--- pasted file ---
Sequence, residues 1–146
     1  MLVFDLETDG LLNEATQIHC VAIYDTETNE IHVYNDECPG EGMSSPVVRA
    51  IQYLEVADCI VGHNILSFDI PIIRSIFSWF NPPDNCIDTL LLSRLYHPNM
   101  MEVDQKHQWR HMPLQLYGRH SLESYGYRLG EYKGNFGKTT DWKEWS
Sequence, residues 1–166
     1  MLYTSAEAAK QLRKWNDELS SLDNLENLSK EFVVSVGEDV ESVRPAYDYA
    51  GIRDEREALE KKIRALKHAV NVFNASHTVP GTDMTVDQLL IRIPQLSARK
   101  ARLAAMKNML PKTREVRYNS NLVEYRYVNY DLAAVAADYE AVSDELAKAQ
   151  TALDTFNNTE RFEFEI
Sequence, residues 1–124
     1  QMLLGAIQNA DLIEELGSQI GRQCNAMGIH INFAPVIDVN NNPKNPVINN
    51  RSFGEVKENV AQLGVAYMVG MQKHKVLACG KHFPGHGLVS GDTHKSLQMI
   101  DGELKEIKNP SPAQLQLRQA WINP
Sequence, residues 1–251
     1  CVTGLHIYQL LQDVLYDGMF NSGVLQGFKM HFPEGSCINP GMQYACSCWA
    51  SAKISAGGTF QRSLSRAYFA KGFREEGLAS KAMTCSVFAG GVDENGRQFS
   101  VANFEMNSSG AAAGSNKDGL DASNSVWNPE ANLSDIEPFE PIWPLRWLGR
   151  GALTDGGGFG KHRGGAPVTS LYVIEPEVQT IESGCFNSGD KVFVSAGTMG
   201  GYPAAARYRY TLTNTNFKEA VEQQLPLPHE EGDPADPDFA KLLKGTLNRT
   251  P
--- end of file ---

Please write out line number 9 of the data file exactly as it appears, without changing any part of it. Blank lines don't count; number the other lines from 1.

   151  TALDTFNNTE RFEFEI